Under the six class categories (DIY, wellness, money, relationships, work and lifestyle), I find a lot of anxiety-inducing suggestions of adult skills I should possess aged 29; I feel like a lazy Brownie with a bare sash. Being able to chop wood is, granted, probably more useful in freezing Portland than central London, but I can’t invest in stocks or “patch walls like a pro” either. I can’t maintain my car, because I don’t have a driving licence, and have been using feminism as an excuse not to sew for years. Every time an ex-boyfriend asked if I could mend a hole in a sock I would tell him not to be so sexist (having no idea how).
Thankfully other sections of the Adulting School website are more reassuring. A blog post on basic etiquette “never taught” in schools asks whether it’s ever “OK to post pictures of my boobs on Facebook the day before a big job interview”, which I can’t say was ever covered by my teachers at school, but I did manage to work out on my own.
I also take comfort in the herd. A study of 2,000 adults by Bupa earlier this year found that there were 40 simple things over-55s could do better than millennials aged 25 to 34. About 60 per cent of the older age group said they knew how to get stains out of clothes, compared with only a third of millennials. Twice as many over-55s could sew on a button. General home maintenance — possibly given that we are generation rent — is an obvious stumbling point.We also fared worse in first aid, shoe-polishing, understanding metric measurements and even telling the time.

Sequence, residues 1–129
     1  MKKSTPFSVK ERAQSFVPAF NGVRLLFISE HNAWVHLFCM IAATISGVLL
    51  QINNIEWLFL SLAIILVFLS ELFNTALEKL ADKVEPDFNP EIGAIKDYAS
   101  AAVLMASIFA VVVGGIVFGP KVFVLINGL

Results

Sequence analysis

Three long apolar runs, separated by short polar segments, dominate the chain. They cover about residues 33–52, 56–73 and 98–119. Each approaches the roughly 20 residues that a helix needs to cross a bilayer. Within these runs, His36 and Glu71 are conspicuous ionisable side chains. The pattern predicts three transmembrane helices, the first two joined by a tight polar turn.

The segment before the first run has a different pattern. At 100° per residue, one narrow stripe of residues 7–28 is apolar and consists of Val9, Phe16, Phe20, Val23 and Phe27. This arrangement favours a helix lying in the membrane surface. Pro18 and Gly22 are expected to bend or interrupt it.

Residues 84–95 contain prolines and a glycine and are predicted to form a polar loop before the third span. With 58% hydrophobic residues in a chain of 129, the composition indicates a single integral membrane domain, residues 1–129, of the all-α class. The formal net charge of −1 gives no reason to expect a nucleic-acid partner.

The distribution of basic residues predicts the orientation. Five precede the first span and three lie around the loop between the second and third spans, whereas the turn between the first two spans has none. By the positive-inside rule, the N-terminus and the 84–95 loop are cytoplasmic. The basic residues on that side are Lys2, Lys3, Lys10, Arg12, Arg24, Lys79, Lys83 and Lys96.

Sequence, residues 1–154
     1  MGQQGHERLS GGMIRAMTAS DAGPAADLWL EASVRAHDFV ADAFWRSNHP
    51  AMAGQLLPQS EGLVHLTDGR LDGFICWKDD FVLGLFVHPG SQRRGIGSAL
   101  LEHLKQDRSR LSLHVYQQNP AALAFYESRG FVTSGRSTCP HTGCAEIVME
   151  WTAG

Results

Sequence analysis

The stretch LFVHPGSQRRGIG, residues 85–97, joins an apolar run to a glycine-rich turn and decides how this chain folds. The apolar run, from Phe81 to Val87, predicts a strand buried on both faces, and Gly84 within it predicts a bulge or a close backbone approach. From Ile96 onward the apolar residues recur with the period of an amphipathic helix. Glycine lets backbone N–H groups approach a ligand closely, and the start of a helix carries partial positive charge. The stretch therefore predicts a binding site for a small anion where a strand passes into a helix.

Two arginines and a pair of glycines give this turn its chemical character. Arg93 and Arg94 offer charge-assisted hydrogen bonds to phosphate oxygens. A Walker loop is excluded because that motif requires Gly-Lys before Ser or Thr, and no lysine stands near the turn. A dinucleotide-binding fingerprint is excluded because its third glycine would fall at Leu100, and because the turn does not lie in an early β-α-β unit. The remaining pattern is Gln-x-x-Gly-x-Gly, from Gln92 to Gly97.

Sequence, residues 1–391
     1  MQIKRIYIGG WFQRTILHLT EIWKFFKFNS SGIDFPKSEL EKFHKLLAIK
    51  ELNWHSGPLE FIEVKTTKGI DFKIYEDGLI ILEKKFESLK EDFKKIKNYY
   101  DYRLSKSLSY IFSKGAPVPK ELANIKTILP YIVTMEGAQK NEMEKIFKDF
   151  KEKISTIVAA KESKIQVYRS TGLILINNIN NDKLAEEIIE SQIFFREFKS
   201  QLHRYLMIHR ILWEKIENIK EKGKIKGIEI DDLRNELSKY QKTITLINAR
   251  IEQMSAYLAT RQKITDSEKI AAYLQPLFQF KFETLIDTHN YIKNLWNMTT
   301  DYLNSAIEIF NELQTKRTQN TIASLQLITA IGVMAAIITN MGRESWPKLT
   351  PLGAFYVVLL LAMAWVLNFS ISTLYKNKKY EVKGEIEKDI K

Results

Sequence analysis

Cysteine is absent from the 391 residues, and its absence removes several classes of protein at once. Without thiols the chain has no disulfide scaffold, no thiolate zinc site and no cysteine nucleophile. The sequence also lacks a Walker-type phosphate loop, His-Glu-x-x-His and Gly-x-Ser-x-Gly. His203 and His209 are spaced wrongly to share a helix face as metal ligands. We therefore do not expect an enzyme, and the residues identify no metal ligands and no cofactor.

Some ineptitudes I’ve seen first-hand. My former housemate, a 29-year-old engineer who could make successful million-dollar deals at work, failed consistently to order correct quantities on Amazon Pantry, and ended up once with a crate of water chestnuts instead of a single tin for a stir-fry. It took us eight months to get rid of them — only by serving them in soy sauce at parties as if they were 2019’s most fashionable canapé. I own six novelty cheesegraters for the same reason and will be giving the other five I don’t need as Christmas presents.